A Johns Hopkins University biologist has led a research team reporting progress in understanding the shape-shifting ways of stem cells, which have vast potential for medical research and disease treatment.
In a research paper to be published in Cell Reports on Oct. 13, Xin Chen, an associate professor of biology in the university's Krieger School of Arts and Sciences, and her six co-authors report on how stem cells are affected by their immediate surroundings. The scientists found that an enzyme present in the spot where stem cells are found can help nurture a greater abundance of these cells by sustaining them in their original state, and by promoting other cells to lose their specialized traits and transform into stem cells.
The results show that the enzyme aminopeptidase in the stem cell niche—in this case, the area where stem cells are found in the testicular tissue in fruit flies—plays a role in both of these functions. How the niche itself plays this role, however, remains unclear.
That the enzyme in that spot promotes more specialized cells to become like stem cells "suggests that this change of cell fate needs cues from where stem cells normally reside, but not randomly," said Chen, the principal investigator. "These results have medical implications because if this cell fate change could happen randomly, it may lead to diseases such as cancers."
That's because there's a delicate balance to be struck in managing the proliferation of undifferentiated stem cells in tissue, Chen said. Too few can cause tissue deterioration, too many can promote tumors.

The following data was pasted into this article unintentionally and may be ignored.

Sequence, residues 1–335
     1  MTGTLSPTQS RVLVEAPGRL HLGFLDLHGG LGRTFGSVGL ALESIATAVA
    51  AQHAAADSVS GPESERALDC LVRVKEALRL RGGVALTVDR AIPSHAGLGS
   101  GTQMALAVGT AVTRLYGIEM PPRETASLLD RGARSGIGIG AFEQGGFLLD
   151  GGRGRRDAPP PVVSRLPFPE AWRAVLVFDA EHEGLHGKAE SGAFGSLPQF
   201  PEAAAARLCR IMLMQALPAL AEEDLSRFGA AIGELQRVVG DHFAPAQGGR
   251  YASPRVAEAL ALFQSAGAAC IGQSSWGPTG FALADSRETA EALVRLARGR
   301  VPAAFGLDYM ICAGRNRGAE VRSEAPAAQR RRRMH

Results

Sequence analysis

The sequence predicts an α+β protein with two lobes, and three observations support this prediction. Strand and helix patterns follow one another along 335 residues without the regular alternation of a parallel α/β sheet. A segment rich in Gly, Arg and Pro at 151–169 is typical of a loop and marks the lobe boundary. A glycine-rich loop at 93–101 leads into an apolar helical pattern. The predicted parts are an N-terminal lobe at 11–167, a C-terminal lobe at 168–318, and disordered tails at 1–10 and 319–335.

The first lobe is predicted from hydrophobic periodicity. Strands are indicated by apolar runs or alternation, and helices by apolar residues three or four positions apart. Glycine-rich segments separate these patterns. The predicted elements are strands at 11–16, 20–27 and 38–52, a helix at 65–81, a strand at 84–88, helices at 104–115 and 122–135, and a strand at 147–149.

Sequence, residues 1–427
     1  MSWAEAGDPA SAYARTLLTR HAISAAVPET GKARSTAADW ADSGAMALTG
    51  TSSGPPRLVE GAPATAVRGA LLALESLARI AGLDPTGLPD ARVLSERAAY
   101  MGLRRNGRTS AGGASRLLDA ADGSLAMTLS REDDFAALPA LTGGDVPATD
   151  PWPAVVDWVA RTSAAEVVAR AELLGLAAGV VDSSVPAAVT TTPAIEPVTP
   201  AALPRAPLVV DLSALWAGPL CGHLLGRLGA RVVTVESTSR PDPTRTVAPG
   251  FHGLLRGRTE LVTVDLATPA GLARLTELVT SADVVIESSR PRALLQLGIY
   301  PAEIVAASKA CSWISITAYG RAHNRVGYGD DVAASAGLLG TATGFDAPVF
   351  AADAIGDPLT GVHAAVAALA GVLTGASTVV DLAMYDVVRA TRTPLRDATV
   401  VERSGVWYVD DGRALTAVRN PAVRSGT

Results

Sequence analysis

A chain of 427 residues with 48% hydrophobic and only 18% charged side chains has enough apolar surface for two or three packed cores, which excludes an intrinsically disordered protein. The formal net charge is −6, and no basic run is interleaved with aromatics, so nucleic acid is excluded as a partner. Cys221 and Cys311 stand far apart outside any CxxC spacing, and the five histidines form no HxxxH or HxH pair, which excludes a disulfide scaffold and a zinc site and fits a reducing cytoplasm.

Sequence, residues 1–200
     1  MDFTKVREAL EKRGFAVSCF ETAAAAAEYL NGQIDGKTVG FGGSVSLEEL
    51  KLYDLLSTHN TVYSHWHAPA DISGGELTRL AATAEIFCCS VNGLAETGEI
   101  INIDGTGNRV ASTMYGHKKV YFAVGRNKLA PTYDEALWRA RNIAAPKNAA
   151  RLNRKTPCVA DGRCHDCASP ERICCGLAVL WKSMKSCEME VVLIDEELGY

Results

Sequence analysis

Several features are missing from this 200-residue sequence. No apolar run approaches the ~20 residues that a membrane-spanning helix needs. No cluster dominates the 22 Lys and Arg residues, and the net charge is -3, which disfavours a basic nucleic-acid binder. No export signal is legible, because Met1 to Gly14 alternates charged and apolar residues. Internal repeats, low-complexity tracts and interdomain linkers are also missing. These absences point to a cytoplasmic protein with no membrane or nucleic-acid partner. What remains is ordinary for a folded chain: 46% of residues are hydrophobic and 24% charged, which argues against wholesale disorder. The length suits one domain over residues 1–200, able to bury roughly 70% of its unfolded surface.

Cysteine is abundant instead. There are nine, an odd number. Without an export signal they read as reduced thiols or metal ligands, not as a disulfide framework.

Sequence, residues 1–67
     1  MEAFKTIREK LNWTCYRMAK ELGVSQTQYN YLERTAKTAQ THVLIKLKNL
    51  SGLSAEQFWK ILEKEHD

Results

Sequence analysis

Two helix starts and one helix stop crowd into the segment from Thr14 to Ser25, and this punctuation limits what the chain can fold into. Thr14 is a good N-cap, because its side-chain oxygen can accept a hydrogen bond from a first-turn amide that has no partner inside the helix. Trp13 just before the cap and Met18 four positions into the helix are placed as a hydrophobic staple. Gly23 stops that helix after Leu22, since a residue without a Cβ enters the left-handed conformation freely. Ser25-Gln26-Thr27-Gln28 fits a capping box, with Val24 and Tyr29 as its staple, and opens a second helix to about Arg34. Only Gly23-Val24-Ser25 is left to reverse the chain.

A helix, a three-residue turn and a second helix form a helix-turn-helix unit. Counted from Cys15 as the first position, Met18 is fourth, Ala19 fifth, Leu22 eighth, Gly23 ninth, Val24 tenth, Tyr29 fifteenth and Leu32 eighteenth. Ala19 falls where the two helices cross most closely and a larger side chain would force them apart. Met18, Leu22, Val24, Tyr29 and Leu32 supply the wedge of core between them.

The study focused on fruit flies in part because they share with humans about three-quarters of the genes that cause disease, making them a fine research model. The work on this paper focused on the testis because stem cells are found there in both fruit flies and humans.
Stem cells are found in humans in an array of tissues, including skin, blood vessels, teeth, heart, brain, and liver.
Because they can develop from their original state into specialized or differentiated cells, stem cells have long held out the promise of being used to replace damaged organs and muscle. Stem cells have been used to treat illness in limited ways for decades, including transplantation from bone marrow.
However, their application could be much wider with reliable techniques to control how they take on specialized functions, how they can revert to their stem state, and in some instances, how they proliferate in their original state to form potentially dangerous tumors.
One question now is whether the activity of the niche and of the enzyme reported in this research can be harnessed to manipulate stem cells to differentiate in useful ways. There's a lot of work yet to be done, Chen said.
"How cells become different, it's very important to understand that," Chen said.
Chen's six collaborators on this paper were Cindy Lim, who earned her doctorate at Johns Hopkins and now works for the U.S. Food and Drug Administration; Lijuan Feng of the Johns Hopkins University Department of Biology; Shiv Gandhi and Sinisa Urban of the Howard Hughes Medical Institute, Department of Molecular Biology and Genetics at the Johns Hopkins University School of Medicine; and Martin L. Biniossek and Oliver Schilling of the Institute of Molecular Medicine and Cell Research at the University of Freiburg.
This work has been supported by the 49th Mallinckrodt Scholar Award from the Edward Mallinckrodt, Jr. Foundation, the David and Lucile Packard Foundation, grant RO1HD065816 from the National Institute of Child Health and Human Development, National Institutes of Health, and Johns Hopkins University startup funding for Xin Chen.